- Mizraji G, Segev H, Wilensky A, Hovav AH: Isolation, processing and analysis of murine gingival cells. J Visual Exp: JoVE. 2013, 77: e50388-Google Scholar
- Egusa H, Okita K, Kayashima H, Yu G, Fukuyasu S, Saeki M, Matsumoto T, Yamanaka S, Yatani H: Gingival fibroblasts as a promising source of induced pluripotent stem cells. PloS one. 2010, 5 (9): e12743-10.1371/journal.pone.0012743.PubMed CentralView ArticlePubMedGoogle Scholar
- Pandiyan P, Zheng L, Ishihara S, Reed J, Lenardo MJ: CD4(+)CD25(+)Foxp3(+) regulatory T cells induce cytokine deprivation-mediated apoptosis of effector CD4(+) T cells. Nat Immunol. 2007, 8 (12): 1353-1362. 10.1038/ni1536.View ArticlePubMedGoogle Scholar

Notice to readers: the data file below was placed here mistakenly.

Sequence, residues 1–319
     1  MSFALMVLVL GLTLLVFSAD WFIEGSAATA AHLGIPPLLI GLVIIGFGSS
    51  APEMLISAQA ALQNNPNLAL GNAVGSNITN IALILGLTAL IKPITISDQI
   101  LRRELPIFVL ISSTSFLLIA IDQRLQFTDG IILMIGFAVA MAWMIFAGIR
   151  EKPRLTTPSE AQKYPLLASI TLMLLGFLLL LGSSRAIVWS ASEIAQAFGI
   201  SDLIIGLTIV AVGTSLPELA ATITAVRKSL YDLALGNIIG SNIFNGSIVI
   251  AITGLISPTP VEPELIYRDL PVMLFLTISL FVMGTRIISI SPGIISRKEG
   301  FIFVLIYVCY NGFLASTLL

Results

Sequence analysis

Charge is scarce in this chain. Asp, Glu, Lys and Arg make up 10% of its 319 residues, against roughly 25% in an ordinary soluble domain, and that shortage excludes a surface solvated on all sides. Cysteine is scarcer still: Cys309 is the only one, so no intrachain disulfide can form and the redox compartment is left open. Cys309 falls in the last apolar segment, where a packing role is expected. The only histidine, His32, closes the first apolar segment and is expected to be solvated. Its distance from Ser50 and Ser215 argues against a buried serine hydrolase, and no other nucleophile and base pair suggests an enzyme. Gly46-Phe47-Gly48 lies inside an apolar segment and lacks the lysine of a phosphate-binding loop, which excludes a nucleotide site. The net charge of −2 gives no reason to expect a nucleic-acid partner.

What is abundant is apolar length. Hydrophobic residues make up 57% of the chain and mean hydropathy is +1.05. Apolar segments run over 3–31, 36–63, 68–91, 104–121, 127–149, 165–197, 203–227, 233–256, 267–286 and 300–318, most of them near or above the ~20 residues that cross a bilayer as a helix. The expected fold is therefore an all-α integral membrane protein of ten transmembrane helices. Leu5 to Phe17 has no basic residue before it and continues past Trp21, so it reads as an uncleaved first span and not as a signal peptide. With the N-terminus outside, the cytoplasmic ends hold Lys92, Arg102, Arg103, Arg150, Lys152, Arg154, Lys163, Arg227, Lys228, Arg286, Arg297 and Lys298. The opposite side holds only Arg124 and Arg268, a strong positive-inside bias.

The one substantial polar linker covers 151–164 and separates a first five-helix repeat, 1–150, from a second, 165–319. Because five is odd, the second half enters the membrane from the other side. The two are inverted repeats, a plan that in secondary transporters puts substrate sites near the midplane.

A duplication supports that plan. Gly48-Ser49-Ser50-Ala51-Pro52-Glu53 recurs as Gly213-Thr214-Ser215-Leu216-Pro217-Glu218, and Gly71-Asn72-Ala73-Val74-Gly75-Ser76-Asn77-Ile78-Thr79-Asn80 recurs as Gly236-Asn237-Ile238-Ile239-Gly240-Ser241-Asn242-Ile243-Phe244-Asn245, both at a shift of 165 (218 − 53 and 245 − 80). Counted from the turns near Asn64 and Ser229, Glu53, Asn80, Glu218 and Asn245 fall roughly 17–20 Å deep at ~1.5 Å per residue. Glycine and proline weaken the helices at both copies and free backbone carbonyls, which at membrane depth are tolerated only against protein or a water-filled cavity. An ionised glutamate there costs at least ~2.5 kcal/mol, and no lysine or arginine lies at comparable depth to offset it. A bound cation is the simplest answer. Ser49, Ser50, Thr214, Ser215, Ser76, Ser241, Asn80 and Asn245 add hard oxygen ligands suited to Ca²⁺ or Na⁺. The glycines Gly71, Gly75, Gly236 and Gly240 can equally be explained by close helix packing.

- Novak N, Haberstok J, Bieber T, Allam JP: The immune privilege of the oral mucosa. Trends Mol Med. 2008, 14 (5): 191-198. 10.1016/j.molmed.2008.03.001.View ArticlePubMedGoogle Scholar
This article is published under license to BioMed Central Ltd. This is an Open Access article distributed under the terms of the Creative Commons Attribution License (http://creativecommons.org/licenses/by/2.0), which permits unrestricted use, distribution, and reproduction in any medium, provided the original work is properly credited. The Creative Commons Public Domain Dedication waiver (http://creativecommons.org/publicdomain/zero/1.0/) applies to the data made available in this article, unless otherwise stated.